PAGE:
Creighton Abrams might have won the Vietnam war.
Aug 1, 2005, Vol. 10, No. 43 • By MACKUBIN THOMAS OWENS
IT IS SURELY THE CONVENTIONAL wisdom that the United States was predestined to lose the Vietnam war. According to the orthodox view, the Vietnamese Communists were too determined, the South Vietnamese too corrupt, and the Americans incapable of fighting the kind of war that would have been necessary to prevail.
Despite its origins as a staple of left-wing political opinion, the claim that the U.S. defeat in Vietnam was inevitable now transcends ideology. Today, when conservatives deny the claim that Iraq is like Vietnam, many do so because they, too, believe the conventional wisdom about Vietnam.
Several years ago, Lewis Sorley provided an antidote to the conventional wisdom, a remarkable book entitled A Better War. Building on his excellent biographies of Army generals Creighton Abrams and Harold Johnson, Sorley examined the largely neglected later years of the conflict and concluded that the war in Vietnam "was being won on the ground even as it was being lost at the peace table and in the U.S. Congress."
Sorley's argument is controversial, but I find it persuasive. The fact is that most studies of the Vietnam war focus on the years up until 1968. Those studies that examine the period after the Tet offensive emphasize the diplomatic attempts to extricate the United States from the conflict, treating the military effort as nothing more than a holding action. But as William Colby observed in a review of Robert McNamara's memoir, In Retrospect, by limiting serious consideration of the military situation in Vietnam to the period before mid-1968, historians leave Americans with a record "similar to what we would know if histories of World War II stopped before Stalingrad, Operation Torch in North Africa and Guadalcanal in the Pacific."
Colby was right. To truly understand the Vietnam war, it is absolutely imperative to come to grips with the years after 1968. A new team was in place. General Abrams had succeeded General William Westmoreland as commander of the U.S. Military Assistance Command-Vietnam in June 1968, only months after the Tet offensive. He joined Ellsworth Bunker, who had assumed the post of ambassador to the Saigon government the previous spring. Colby, a career CIA officer, soon arrived to coordinate the pacification efforts.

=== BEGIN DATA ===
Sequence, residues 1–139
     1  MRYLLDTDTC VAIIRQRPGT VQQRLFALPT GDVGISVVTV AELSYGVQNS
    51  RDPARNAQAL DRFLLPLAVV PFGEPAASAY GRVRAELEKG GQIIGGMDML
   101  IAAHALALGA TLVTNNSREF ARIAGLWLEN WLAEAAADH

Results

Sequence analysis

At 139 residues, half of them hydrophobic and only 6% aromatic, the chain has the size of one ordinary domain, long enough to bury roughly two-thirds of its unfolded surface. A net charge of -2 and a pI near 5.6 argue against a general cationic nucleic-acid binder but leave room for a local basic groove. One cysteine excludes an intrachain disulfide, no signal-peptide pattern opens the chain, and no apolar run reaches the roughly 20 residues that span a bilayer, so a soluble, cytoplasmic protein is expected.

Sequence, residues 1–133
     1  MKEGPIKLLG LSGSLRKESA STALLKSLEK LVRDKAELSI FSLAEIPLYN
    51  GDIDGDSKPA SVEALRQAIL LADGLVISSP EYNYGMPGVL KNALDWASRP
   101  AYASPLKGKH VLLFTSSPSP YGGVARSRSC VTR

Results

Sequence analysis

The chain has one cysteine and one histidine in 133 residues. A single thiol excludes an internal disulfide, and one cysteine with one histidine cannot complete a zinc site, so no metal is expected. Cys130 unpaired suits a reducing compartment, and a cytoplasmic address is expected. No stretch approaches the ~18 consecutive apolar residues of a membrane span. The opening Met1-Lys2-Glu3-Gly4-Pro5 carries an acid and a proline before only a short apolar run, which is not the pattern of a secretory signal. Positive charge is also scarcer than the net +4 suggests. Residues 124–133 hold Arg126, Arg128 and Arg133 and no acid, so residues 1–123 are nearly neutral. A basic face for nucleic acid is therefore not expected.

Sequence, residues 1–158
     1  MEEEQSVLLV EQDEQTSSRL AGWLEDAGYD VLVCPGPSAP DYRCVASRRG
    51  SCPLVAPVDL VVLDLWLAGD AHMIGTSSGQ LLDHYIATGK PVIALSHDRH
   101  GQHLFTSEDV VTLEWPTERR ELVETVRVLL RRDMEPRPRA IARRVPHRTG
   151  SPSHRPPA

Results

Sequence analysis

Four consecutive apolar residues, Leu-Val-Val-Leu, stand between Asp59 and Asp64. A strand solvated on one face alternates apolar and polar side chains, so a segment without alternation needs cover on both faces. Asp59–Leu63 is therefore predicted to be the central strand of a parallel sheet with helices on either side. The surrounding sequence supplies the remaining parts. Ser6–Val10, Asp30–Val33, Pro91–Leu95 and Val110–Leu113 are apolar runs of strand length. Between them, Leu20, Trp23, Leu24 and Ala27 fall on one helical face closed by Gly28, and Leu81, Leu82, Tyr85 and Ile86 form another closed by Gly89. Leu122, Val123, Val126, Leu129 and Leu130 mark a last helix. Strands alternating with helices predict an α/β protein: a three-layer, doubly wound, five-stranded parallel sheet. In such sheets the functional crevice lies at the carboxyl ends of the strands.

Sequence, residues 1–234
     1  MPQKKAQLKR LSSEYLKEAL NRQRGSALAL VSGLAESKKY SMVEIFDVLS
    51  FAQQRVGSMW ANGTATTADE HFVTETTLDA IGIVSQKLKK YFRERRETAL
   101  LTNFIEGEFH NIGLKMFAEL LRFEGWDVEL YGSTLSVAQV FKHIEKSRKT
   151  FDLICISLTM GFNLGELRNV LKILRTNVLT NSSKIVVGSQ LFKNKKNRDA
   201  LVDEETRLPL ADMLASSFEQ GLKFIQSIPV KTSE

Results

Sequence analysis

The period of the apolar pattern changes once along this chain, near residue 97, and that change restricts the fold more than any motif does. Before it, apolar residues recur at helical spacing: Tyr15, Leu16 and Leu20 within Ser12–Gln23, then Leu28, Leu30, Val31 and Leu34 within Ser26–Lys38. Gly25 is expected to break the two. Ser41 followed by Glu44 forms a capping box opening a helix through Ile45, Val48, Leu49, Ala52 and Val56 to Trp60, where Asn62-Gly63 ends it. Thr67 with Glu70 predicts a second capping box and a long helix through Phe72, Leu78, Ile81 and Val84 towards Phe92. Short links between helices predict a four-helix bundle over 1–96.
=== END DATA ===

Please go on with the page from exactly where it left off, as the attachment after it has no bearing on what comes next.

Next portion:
Far from constituting a mere holding action, the approach the new American team followed constituted a positive strategy for ensuring the survival of South Vietnam. As Sorley wrote in A Better War, Bunker, Abrams, and Colby
brought different values to their tasks, operated from a different understanding of the nature of the war, and applied different measures of merit and different tactics. They employed diminishing resources in manpower, materiel, money, and time as they raced to render the South Vietnamese capable of defending themselves before the last American forces were withdrawn. They went about that task with sincerity, intelligence, decency, and absolute professionalism, and in the process they came very close to achieving the goal of a viable nation and a lasting peace.
Sorley has now provided us with a glimpse of the record upon which he based his assessment of Abrams and the conduct of the war after 1968. During the four years General Abrams was commander in Vietnam, he and his staff made more than 455 tape recordings--2,000 hours of briefings and meetings. In 1994, with government approval, Sorley began transcribing and analyzing the tapes. In a year of very long workdays, Sorley laboriously produced 3,200 single-spaced pages of handwritten notes and extracts, which he used to write A Better War.
But Sorley believed that the tapes contained much more of interest to scholars and historians of the war than he could include in the book, so he decided to publish an annotated collection of extensive excerpts from the tapes. The bulk of the excerpts are from the Weekly Intelligence Estimate Updates--briefings that Abrams received from June 1968 to June 1972--but they also include recordings of meetings with such visitors as the secretary of defense, the chairman of the Joint Chiefs of Staff, and other high-ranking officials.